Tilt-wheel actions on Firefox 17

04.12.2012 13:06

Starting with version 17, Firefox has a new set of preferences for mouse wheel actions. Unfortunately, this change makes it impossible to directly define "back in history" and "forward in history" actions for tilting the scroll wheel on tilt-wheel mice (something that used to be possible by setting mousewheel.horizscroll.withnokey.action=2 in about:config)

I use tilt-wheel mice almost exclusively and this is the only modern feature since the addition of the vertical scroll wheel on the middle button that I have been able to tolerate on mice. I just hate those new models that put buttons everywhere. But using the tilt-wheel for moving backwards and forwards in browser's history soon became second nature and now it's just annoying to be left without this feature.

Here's a quick workaround for this regression in Mozilla's software I found. Add the following to ~/.Xmodmap:

pointer = 1 2 3 4 5 8 9 0 0

This remaps pointer buttons 6 and 7 (horizontal scroll) to mouse buttons 8 and 9. Buttons 8 and 9 seem to be used by default in Firefox as shortcuts for back and forward buttons, so this solution doesn't require any additional poking around about:config. Of course, this also affects all other applications, so now you won't be able to use the tilt-wheel for horizontal scrolling.

Log-out and back in for the change to take effect or run xmodmap ~/.Xmodmap.

By the way, loading the .Xmodmap file in your home directory automatically when you log-in is not a given. GNOME display manager 3 on Debian seems to do it. Yours might not. If it doesn't work (you can check current button mappings with xmodmap -pp), check around /etc/X11/Xsession or /etc/gdm/Xsession.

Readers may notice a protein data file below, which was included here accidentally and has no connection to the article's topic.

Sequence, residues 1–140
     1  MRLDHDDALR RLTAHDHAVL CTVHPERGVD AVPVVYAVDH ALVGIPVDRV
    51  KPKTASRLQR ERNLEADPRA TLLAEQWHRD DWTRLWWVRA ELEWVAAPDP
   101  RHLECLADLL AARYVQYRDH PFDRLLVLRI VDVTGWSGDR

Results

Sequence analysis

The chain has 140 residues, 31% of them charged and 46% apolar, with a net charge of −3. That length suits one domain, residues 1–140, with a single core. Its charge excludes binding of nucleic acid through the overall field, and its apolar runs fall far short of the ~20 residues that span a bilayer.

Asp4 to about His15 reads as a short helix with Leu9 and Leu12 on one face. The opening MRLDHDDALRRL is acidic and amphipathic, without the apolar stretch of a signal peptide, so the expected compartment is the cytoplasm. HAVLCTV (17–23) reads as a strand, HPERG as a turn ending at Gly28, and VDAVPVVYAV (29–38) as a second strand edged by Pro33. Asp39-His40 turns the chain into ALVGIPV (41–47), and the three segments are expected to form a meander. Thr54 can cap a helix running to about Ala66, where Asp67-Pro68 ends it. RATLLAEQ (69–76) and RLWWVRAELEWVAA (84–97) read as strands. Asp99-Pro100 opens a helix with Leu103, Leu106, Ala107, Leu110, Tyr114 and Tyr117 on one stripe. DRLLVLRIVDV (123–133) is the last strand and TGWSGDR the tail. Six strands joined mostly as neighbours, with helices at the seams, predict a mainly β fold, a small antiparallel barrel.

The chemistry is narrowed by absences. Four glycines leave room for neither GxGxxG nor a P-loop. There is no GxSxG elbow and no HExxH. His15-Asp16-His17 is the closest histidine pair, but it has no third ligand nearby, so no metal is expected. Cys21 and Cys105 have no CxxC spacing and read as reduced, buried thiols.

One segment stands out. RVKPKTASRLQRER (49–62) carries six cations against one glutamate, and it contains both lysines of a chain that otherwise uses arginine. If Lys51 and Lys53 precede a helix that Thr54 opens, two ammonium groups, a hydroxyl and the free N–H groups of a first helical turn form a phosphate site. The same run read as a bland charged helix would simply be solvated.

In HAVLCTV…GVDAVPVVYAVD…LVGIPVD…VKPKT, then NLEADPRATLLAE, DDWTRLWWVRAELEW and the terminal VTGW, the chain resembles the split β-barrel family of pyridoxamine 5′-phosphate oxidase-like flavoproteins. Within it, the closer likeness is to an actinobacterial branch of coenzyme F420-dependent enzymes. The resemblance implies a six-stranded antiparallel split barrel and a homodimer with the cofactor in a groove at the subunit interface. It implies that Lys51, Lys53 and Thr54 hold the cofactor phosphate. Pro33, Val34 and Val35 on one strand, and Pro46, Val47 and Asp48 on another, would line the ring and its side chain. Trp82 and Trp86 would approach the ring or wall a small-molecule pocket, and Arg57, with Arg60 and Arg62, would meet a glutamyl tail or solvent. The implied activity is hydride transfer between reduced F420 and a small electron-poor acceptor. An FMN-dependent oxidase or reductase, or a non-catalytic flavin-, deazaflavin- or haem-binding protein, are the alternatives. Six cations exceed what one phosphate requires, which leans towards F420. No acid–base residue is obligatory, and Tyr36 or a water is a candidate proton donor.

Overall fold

Also, xmodmap seems to be deprecated in favor of setxkbmap, but I don't see any way of mapping pointer buttons with that.

Posted by Tomaž | Categories: Code | Comments »

Rainbow plots

03.12.2012 18:57

In the most simple mode of operation, VESNA with the spectrum sensing expansion is basically a very slow, slightly inaccurate but also a very small and cheap spectrum analyzer. The FCD scanner application exploits that and displays the spectrum in the traditional waterfall plot or a plain spectrogram.

Because of limited bandwidth the receiver can only see a small part of the spectrum at once and operates as a swept-spectrum analyzer. This means that it's essentially blind at most frequencies most of the time. If a device is transmitting individual packets with a lot of quiet time in between it is very probable that its transmission will only be picked up after several frequency sweeps, as it must happen by chance that VESNA's receiver will be listening at the same frequency as the transmitted packet.